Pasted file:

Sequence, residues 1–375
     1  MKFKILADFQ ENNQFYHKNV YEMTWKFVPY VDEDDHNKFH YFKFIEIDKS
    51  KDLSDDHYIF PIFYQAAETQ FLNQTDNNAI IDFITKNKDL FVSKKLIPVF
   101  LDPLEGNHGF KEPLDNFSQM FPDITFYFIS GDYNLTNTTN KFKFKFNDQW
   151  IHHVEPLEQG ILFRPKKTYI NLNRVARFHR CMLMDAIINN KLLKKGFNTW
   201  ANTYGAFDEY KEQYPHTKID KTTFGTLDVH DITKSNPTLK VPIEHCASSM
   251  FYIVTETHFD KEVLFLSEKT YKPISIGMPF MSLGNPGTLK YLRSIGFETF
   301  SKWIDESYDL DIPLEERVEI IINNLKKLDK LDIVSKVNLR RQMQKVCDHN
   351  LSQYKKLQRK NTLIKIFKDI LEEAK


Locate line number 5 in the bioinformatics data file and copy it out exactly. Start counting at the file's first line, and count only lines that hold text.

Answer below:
   151  IHHVEPLEQG ILFRPKKTYI NLNRVARFHR CMLMDAIINN KLLKKGFNTW